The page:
We all want automated tests. The real gain from automation is less about saving labor costs and more about consistency. Automated unit tests are more likely to be launched correctly, even after 6 p.m., or on national holidays that only apply in certain offices, or in the face of all the other complications that are trivial in isolation but add risk in real, commercial practice.
3. Tests that are ignored
Arguably worse than unexecuted unit tests are ignored ones. Too many projects have extensive test suites that can only be managed by an expert who knows all their intricacies: “We have to let timing skews pass, and also any complaints about spelling, and …” Aim for completely clean or green runs; anything else is simply too costly to keep on track.
Projects certainly need to establish priorities. Thousands of false positives can erupt at times, and a well-run project makes choices. Some of those choices need to be to keep the continuous testing working overall, and to ensure that the master or reference sources pass tests cleanly.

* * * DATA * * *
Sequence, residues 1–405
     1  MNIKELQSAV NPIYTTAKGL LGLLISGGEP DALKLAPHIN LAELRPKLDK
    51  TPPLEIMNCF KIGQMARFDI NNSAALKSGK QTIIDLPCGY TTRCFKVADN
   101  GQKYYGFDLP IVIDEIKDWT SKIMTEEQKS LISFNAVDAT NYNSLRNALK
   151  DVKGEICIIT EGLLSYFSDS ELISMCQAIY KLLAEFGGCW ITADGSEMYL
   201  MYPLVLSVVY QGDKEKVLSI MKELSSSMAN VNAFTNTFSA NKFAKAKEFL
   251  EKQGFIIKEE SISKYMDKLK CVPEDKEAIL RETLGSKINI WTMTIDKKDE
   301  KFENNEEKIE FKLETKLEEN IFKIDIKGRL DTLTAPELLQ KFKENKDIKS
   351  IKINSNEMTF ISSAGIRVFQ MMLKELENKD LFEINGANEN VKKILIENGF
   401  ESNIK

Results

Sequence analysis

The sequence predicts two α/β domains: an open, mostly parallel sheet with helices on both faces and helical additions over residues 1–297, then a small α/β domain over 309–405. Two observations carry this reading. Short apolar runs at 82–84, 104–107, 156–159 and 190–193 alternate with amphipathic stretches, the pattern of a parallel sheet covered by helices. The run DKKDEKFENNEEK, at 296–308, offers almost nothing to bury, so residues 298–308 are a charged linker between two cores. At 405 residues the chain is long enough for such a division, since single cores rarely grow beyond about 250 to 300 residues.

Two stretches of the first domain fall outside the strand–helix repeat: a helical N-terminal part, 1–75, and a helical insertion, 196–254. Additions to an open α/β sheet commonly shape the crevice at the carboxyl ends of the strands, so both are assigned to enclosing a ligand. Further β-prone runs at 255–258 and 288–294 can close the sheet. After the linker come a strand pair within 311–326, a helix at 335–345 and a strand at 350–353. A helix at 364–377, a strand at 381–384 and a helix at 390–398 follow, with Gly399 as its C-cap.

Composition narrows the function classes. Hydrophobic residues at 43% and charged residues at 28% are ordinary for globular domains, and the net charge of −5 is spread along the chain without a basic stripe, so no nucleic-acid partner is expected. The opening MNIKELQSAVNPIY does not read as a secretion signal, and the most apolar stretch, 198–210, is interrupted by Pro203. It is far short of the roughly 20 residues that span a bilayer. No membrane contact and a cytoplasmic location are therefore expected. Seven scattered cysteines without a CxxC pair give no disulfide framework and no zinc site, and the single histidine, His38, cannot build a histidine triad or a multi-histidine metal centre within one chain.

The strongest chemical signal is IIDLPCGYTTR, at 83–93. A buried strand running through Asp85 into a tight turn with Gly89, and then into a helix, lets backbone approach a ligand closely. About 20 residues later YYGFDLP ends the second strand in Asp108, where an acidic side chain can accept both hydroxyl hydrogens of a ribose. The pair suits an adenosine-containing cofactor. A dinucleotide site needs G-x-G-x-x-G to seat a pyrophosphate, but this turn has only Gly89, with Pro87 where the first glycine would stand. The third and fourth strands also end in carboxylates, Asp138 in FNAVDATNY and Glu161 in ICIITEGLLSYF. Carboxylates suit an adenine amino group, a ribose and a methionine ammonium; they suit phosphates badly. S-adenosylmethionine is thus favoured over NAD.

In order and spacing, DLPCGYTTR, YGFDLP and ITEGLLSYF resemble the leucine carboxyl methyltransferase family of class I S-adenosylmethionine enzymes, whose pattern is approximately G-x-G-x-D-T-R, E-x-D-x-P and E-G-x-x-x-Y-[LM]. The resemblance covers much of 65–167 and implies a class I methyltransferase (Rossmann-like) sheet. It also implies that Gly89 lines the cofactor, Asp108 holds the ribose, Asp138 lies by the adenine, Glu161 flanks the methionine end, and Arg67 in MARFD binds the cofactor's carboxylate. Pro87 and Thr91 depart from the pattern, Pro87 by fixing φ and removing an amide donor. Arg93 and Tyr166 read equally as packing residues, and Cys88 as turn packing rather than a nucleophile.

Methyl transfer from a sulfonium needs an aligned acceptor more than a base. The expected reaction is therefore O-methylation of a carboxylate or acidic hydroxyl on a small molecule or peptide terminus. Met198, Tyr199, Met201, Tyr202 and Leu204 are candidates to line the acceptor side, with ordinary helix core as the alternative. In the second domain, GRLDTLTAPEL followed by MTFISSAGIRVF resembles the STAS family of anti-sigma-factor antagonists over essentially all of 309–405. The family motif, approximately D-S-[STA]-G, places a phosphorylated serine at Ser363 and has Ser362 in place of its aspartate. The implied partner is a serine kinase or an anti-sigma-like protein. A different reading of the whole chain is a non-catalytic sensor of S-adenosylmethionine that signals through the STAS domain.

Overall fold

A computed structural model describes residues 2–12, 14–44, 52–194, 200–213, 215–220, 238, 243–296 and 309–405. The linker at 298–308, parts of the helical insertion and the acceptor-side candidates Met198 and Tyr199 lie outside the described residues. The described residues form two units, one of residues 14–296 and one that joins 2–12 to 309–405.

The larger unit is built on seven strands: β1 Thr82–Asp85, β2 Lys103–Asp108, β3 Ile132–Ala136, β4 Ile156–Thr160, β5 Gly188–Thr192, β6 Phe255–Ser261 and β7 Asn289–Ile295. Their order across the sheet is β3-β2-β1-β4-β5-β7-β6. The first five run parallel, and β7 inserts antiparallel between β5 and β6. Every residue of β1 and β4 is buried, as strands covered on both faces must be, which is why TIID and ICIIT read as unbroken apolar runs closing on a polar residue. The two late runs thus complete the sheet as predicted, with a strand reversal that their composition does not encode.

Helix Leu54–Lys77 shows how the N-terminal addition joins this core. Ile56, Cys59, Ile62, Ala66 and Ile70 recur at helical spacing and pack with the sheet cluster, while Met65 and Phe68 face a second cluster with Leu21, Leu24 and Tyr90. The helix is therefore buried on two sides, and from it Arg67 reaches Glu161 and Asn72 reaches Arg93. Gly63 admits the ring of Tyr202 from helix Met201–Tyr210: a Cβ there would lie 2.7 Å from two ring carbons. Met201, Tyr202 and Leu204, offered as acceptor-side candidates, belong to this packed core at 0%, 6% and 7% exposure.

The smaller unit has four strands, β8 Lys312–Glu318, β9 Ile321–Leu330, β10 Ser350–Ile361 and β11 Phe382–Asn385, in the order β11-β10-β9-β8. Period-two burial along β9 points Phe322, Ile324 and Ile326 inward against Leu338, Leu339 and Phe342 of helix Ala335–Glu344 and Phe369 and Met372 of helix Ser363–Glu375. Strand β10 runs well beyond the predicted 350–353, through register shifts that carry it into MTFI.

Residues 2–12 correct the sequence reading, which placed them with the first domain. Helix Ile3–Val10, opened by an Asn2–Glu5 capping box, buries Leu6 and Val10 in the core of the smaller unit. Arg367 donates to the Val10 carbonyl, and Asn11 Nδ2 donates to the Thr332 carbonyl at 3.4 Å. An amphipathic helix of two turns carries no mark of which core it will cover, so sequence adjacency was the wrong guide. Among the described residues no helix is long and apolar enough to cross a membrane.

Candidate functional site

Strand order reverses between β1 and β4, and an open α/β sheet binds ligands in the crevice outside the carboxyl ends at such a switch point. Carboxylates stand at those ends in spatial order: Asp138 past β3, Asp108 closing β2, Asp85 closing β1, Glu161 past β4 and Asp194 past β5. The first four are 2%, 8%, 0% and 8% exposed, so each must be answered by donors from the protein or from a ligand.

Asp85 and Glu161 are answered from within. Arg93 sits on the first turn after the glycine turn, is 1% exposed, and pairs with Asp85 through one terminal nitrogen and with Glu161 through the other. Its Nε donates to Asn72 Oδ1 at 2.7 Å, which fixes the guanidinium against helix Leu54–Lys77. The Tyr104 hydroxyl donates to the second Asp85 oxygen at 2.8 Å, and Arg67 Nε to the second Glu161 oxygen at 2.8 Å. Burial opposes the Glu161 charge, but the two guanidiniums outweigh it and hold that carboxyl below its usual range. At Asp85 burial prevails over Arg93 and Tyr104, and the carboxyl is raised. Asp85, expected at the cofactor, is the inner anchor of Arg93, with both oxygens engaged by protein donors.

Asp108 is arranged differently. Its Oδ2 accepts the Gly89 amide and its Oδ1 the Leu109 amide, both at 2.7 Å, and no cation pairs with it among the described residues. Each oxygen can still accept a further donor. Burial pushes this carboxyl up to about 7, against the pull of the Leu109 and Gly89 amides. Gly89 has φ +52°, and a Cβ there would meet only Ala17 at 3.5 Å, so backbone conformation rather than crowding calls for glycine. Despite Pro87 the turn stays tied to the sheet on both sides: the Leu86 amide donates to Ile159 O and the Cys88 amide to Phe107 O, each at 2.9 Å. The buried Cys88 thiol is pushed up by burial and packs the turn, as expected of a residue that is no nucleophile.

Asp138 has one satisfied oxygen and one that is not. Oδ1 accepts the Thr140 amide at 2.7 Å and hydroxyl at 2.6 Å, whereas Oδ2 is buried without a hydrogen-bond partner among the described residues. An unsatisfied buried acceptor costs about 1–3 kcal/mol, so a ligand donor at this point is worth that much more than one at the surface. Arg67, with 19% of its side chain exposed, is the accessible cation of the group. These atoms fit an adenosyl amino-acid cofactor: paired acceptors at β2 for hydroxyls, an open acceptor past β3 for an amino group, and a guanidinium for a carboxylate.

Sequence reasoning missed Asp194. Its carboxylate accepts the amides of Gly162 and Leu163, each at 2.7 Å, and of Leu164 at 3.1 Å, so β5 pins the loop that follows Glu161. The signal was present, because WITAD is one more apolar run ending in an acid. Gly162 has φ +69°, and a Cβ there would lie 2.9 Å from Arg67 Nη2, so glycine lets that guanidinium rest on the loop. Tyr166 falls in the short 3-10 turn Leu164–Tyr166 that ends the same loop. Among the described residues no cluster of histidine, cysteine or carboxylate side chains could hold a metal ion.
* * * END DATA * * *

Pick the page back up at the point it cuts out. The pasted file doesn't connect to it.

It’s far better to configure specific tests to be turned off explicitly, and temporarily, than to try to overlay a whole new error-prone folklore about which errors deserve attention. Expect unit tests to run to green, and keep them that way.
4. Tests that ensure uniform style
Was I serious about thousands of errors turning up at a time? Sure. One of the ways it happens is a team automating more of its stylistic choices.
For example, rather than leaving the tabs-vs.-spaces decision to moral persuasion, emotion-laden commit reviews or a separate quality assurance team, use an automatic tool. The first run might shock you with the number of divergences it detects. It’s worth working through them all, though, because such an automation permanently settles the question.